Journeys through Art: Tracing the Great Migration in Three American Paintings

By Johnson, Jamie W. | Art Education, January 2002 | Go to article overview

Journeys through Art: Tracing the Great Migration in Three American Paintings


Johnson, Jamie W., Art Education


INSTRUCTIONAL

RESOURCES

For Students in Grades 4-6

"If you're any kind of artist, you make a miraculous journey and you come back and make some statements in shapes and colors about where you were." -Romare Bearden

Romare Bearden

Goals: Students will learn about the history of the Great Migration of African Americans from the South to the North while discovering how artists create narratives through formal devices by examining paintings by Horace Pippin, Walter Ellison, and Archibald J. Motley, Jr. They will also create their own works of art focusing on journeys.

Introduction

African Americans have been displaced frequently-and often forcefully-throughout the history of the United States. African slaves were transported to colonial America in record numbers beginning as early as the 17th century. Though slaves were freed by Abraham Lincoln's Emancipation Proclamation of 1863 and the end of the Civil War in 1865, African Americans still faced discrimination and danger in the South because of racist attitudes supported by the Jim Crow laws. Beginning in the 1920s, many African Americans left poor rural areas of the southern United States and headed north to industrialized urban centers such as Chicago and New York, where jobs and greater freedom beckoned. It is estimated that approximately 2 million African Americans moved between 1920 and 1925 alone, while during the entire migration, between 1920 and 1970, more than 6 million people relocated.

One result of this migration was the outburst of music, art, and literature by African Americans, including artist Aaron Douglas, musician Duke Ellington, writer W.E.B. Du Bois, poet Langston Hughes, and writer Zora Neale Hurston-a movement known as the Harlem Renaissance. Beginning in New York City's Harlem neighborhood in the 1920s, this exploration and expression of African-American life soon spread to other urban areas such as Chicago's Bronzeville, a traditionally African-American community on the South Side, and influenced generations of writers.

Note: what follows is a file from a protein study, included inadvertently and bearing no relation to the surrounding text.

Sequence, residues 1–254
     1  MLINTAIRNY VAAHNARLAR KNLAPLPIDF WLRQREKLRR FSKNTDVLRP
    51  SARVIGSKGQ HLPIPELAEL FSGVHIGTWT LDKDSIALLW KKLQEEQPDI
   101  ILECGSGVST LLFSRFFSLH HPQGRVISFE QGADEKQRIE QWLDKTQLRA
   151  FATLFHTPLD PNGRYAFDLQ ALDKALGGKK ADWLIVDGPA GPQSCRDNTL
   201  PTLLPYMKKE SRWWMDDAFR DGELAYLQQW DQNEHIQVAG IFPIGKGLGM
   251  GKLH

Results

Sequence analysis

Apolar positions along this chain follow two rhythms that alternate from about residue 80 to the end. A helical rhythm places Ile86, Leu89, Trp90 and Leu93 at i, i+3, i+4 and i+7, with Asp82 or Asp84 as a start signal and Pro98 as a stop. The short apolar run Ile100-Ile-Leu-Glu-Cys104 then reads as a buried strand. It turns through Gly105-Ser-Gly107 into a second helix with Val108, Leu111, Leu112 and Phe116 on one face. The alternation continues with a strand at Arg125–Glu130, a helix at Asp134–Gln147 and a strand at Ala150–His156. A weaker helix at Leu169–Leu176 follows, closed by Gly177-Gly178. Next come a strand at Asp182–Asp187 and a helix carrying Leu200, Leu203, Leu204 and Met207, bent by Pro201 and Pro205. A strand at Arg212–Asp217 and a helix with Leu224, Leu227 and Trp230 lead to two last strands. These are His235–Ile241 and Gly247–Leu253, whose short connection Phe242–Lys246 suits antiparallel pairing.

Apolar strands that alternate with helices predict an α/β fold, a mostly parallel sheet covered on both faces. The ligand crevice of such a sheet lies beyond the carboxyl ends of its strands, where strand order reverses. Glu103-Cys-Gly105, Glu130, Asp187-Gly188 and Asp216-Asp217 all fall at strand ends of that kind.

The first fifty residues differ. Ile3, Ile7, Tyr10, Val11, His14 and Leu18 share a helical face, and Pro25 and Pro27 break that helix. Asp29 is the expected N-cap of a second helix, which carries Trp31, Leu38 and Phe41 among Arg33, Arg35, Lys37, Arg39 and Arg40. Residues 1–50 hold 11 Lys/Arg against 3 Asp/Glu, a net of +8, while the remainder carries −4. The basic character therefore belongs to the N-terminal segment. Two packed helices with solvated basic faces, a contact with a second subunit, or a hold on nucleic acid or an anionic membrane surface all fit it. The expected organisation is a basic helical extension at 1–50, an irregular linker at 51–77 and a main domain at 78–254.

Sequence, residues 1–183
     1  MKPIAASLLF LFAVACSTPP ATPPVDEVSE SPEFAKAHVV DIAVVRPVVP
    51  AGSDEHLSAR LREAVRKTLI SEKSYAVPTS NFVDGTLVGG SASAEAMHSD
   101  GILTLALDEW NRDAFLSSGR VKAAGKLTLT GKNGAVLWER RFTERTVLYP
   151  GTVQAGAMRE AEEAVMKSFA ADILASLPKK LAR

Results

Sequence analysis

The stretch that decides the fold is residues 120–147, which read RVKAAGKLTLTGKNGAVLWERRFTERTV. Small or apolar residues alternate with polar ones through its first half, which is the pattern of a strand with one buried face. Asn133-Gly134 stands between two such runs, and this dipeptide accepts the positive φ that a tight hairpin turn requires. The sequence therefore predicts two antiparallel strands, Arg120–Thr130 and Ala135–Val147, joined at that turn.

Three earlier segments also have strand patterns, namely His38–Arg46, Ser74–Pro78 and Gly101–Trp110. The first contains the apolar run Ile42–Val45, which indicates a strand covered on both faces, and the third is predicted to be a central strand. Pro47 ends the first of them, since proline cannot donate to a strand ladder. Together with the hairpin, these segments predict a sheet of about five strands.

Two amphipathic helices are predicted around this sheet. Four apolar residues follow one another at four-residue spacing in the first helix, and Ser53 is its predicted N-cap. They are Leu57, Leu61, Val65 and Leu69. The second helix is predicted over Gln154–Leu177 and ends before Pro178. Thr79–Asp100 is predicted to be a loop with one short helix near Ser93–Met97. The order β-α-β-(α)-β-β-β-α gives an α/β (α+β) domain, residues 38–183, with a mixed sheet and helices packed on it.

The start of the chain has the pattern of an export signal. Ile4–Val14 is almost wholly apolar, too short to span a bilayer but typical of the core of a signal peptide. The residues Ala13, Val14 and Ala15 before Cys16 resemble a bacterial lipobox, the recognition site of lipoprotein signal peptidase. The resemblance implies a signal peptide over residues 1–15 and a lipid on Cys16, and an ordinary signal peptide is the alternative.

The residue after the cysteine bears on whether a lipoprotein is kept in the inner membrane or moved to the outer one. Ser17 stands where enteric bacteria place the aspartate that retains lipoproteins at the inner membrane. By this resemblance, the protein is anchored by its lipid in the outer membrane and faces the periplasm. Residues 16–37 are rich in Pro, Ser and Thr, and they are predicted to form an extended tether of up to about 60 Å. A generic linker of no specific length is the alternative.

Three paintings in the collections of The Art Institute of Chicago together relate the story of the Great Migration, from South to North, country to city. Horace Pippin, in his Cabin in the Cotton, makes visual his grandmother's stories about life on a cotton plantation in the rural South at the time of the Civil War. In The Train Station, Walter Ellison, who migrated from Georgia to Chicago as a teenager, depicts the beginning of the journey from the South to the North, as African Americans board trains to northern destinations. Finally, Archibald J. Motley, Jr., represents the vibrant cultural life of African Americans in Chicago during the Jazz Age in his painting Nightlife.

Depictions of daily life in the United States appear frequently in the art of the 1930s and 1940s. Regionalist artists such as Grant Wood and Thomas Hart Benton depicted life in the Midwest, while Edward Hopper focused on urban life. Meanwhile, the Works Progress Administration's Federal Arts Project (WPA/FAP), a program of President Franklin Delano Roosevelt's domestic reform aimed at saving America's cultural heritage, encouraged artists to represent the places and experiences they knew. More than 5,000 artists between 1935 and 1943, including Motley and Ellison, were paid to depict the U.S. scene in paintings, sculptures, murals, prints, photographs, and posters. Pippin similarly chose to paint "from his heart and mind" (May, 1997, p.40).

In addition to depicting a particular history in the United States, these paintings also demonstrate different ways artists utilize formal elements to create narrative. Color creates rhythm and movement in a scene, as well as contributes to mood. Une organizes the composition, creates depth, and contributes to the rhythm of the paintings. Symbols, texture, and pattern are other tools of these artists. By exploring these paintings, students learn the tools to depict their own histories and journeys. …

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